However, in some instances, I would not have stopped... for example, if I had my child in the car with me... or if the interstate was bustling so badly that there would be no safe way for me to either get to other side... or if the dangers of stopping would have outweighed the benefits of "saving" someone. It is what it is... sometimes it is better to leave those dangers to the flashy ambulances & fire trucks and the men & women in them... after all, nothing does a better job of blocking 3 lanes of traffic than a ladder truck... my Ford POS would be but a speed bump to an out of control tractor trailer barreling at 70mph into the scene.

We have all seen videos & heard stories of bystanders doing heroic things... and they do, occasionally... right place, right time happens for some... but more often than not, bystanders (ironically more times than not, particularly ones with medical experience) are a hindrance to the rescue efforts... and sometimes, those bystanders are at the wrong place at the wrong time, and they pay the ultimate sacrifice themselves.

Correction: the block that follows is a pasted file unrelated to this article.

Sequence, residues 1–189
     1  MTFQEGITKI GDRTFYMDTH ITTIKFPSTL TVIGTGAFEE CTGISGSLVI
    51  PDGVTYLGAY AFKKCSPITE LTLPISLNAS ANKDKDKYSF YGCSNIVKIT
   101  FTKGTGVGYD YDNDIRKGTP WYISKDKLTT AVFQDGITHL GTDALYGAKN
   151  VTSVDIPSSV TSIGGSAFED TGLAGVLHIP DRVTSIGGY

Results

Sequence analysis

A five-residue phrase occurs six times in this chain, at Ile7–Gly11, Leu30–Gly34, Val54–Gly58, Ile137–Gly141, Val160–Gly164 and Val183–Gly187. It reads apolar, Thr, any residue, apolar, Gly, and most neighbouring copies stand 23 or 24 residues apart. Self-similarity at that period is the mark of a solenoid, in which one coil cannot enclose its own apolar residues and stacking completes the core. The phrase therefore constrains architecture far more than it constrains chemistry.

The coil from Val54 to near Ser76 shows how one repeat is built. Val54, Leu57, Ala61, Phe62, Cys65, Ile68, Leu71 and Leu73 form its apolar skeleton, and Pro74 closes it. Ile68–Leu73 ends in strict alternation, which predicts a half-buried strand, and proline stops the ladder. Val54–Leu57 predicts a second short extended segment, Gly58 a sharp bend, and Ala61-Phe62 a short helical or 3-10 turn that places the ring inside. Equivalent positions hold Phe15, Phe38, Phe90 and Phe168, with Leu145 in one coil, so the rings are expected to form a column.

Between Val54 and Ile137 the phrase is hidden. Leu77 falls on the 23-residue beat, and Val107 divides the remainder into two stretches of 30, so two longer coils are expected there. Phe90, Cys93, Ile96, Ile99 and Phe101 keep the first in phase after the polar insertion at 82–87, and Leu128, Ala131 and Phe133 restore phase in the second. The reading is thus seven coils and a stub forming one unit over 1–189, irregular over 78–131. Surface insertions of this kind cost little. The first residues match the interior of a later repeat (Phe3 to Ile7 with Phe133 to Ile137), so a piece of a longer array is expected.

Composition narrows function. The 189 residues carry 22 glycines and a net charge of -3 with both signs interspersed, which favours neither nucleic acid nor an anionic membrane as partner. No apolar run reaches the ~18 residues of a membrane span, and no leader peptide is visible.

You did the right thing.  Stop second guessing yourself.

Hope this helped,


Thursday, March 28, 2013

The Arrest Cluster... a brief CPR/code review.

Managed to walk in on a cluster of a cardiac arrest in progress... a young pt in VF & hyperkalemic, missed dialysis... two of the critical interventions that should have been done FIRST or early, were NOT done AND then done late approximately 20min into the code... miraculously after I suggest those two things, the patient got a pulse back, and was waking up in the ICU an hour later.

What were those two things that I politely suggested 20min in that I am 100% certain saved their life?


I am peacefully minding my own business when an overhead call goes out paging for a code blue in the ED... the two rotating residents rush over there... I stay back... why?  Well because I KNEW that it was going to be a cluster @#$%... I have refused to voluntarily attend any more codes in the hospitals that I rotated with because they just make me angry... and a lot of times I am powerless to do anything about them as my "student" role is often looked down upon.

The attending I'm rotating with knows I'm a paramedic (his son is one too, only reason I told him I was... I normally never tell anyone), so he didn't bother making me go to it.  Sadly about 15mins into the code, we get paged to report stat to the ED to assist with the code.... sigh.

So we stroll over there, and here is what we find:

1) CPR performed was done abysmally... recoil was pathetic if any.  Full recoil of the chest is IMPERATIVE for adequate circulation... so if you are PUMPING the chest at the correct rate, but do NOT allow it to recoil fully to its natural position, then you are doing it WRONG.